Financial regulation

Regulatory bodies

Which bodies regulate the provision of fintech products and services?

The FSA is the main regulatory body of fintech products and services that are regulated under the various financial regulations. The METI is also the regulatory body for certain payment services (eg, credit cards or other advanced payment services).

Regulated activities

Which activities trigger a licensing requirement in your jurisdiction?

The arrangement of investment deals for an investment fund that invests mainly in securities or derivative transactions, constitutes a ‘financial instruments business’ under the Financial Instruments and Exchange Act (FIEA), and registration under the FIEA is required.

To arrange transactions for investments comprising mainly securities or derivatives, registration under the FIEA is also required.

Dealing in investments as principal or agent, under which investments are made mainly in securities or derivative transactions, may also constitute a ‘financial instruments business’ under the FIEA (in certain circumstances), and thus registration under the FIEA may also be required.

Giving advice on investments in relation to the value of securities or investment decisions on financial instruments under a contract for a fee may constitute an ‘investment advisory business’ under the FIEA, and registration is required.

Lending of money is regarded as a ‘moneylending business’, which generally requires registration as a moneylender under the Money Lending Business Act.

There is no specific licensing requirement for factoring transactions and invoice discounting. However, if a factoring transaction or invoice discounting is made with recourse, such transaction may be deemed as moneylending, and thus engaging in such transaction may require registration as a moneylender under the Money Lending Business Act.

Secondary market loan trading does not trigger a licensing requirement.

Acceptance of deposits is generally prohibited without a banking licence, under the Japanese Banking Act.

There is no licensing requirement for foreign exchange transactions. However, certain currency derivative transactions are regarded as ‘financial instruments business’ under the FIEA and registration is required thereunder.

A bank licensed under the Banking Act may conduct funds transfer services (which will generally include payment services). Other than banks, registration under the Payment Services Act as a funds transfer service provider is required before conducting payment services. If the payment service is provided as a later payment option using a credit card, then registration under the Instalment Sales Act is required for the issuers.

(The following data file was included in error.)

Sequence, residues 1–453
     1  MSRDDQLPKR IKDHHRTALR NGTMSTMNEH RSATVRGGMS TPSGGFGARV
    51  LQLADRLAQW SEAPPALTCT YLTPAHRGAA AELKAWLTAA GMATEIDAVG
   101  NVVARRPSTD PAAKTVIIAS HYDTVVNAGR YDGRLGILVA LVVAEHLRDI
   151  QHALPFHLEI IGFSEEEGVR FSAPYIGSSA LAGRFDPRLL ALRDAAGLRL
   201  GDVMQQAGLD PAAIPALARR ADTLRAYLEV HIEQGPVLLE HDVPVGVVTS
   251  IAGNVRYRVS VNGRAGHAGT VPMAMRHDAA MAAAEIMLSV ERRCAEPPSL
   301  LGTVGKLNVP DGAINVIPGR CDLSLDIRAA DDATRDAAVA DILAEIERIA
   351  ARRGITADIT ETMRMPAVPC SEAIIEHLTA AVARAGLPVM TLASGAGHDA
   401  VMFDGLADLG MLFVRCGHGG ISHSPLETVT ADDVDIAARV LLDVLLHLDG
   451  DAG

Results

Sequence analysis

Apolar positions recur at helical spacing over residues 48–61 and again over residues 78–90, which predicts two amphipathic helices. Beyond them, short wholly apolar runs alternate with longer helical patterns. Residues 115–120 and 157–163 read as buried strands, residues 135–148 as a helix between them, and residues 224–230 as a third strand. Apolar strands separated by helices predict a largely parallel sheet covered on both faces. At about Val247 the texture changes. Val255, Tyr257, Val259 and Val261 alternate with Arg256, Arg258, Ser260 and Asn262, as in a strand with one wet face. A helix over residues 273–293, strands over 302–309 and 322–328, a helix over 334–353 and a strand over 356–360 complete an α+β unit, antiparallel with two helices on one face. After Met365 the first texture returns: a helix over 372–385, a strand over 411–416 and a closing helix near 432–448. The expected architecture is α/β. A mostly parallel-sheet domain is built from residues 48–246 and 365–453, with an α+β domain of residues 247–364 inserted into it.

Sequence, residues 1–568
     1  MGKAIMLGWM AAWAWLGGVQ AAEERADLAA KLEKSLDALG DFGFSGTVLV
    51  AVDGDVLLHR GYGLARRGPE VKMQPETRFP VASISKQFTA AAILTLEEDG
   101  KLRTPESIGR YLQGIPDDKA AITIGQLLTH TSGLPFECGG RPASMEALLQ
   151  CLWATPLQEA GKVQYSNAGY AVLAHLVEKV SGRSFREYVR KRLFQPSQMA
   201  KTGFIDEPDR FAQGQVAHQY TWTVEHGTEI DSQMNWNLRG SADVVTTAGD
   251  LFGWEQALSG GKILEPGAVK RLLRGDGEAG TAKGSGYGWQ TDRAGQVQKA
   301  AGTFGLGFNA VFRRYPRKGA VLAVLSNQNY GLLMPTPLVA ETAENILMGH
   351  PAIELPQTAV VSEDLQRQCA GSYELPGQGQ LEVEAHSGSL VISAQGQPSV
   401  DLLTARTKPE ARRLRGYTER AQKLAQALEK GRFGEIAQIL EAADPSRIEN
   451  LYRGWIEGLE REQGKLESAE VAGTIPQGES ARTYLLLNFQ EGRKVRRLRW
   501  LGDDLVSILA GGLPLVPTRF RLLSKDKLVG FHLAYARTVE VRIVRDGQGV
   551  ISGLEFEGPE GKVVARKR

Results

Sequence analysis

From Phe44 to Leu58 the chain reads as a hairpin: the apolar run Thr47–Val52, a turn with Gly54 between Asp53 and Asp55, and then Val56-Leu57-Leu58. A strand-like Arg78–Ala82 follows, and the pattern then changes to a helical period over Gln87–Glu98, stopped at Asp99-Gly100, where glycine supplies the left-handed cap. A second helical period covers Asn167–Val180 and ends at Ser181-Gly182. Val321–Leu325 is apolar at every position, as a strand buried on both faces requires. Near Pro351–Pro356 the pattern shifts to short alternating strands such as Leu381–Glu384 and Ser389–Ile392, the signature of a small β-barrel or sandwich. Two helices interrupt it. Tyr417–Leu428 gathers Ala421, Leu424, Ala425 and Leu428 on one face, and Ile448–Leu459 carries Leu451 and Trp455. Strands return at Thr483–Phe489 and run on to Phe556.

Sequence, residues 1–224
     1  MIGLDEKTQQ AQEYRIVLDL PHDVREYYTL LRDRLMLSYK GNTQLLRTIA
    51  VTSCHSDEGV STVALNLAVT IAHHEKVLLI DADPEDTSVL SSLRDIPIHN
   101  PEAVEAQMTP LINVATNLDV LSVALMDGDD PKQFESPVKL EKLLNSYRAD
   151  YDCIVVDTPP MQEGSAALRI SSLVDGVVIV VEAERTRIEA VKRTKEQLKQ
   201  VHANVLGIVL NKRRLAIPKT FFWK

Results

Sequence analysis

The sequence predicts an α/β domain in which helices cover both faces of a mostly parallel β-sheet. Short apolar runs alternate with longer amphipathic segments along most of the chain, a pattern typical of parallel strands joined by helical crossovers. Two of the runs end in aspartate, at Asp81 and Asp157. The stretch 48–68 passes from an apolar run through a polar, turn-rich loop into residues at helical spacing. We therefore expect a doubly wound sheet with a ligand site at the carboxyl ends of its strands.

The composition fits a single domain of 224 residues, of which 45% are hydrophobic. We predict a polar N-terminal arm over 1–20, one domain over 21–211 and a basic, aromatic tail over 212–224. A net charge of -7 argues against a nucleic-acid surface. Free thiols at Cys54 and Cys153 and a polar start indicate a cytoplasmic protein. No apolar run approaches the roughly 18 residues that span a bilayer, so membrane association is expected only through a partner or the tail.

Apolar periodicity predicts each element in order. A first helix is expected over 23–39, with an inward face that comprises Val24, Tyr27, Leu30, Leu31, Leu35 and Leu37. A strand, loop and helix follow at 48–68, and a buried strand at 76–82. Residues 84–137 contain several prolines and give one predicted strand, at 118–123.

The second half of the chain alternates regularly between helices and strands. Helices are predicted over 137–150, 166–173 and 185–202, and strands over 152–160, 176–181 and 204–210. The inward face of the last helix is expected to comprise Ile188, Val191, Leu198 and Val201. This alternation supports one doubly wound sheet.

Consumer lending

Is consumer lending regulated in your jurisdiction?

A lender conducting consumer lending activities (excluding the acceptance of deposits or instalment savings, which requires a banking licence under the Banking Act) must register as a moneylender under the Money Lending Business Act. The moneylender is also required to appoint a manager for each business office of the moneylending business that is registered under the Money Lending Business Act.

The total permissible lending amount is generally limited to one-third of the borrower’s annual income. The cap of the interest falls between 15 and 20 per cent per annum depending on the principal amount of the loan pursuant to the Interest Rate Restriction Act.

Secondary market loan trading

Are there restrictions on trading loans in the secondary market in your jurisdiction?

There is no specific licensing requirement for trading loans. If a moneylender transfers loan claims, the transferee will be subject to the same restrictions under the Money Lending Business Act that are applicable to the original moneylender and the transferor must notify the operating transferee of such applicability of the restrictions.

Collective investment schemes

Describe the regulatory regime for collective investment schemes and whether fintech companies providing alternative finance products or services would fall within its scope.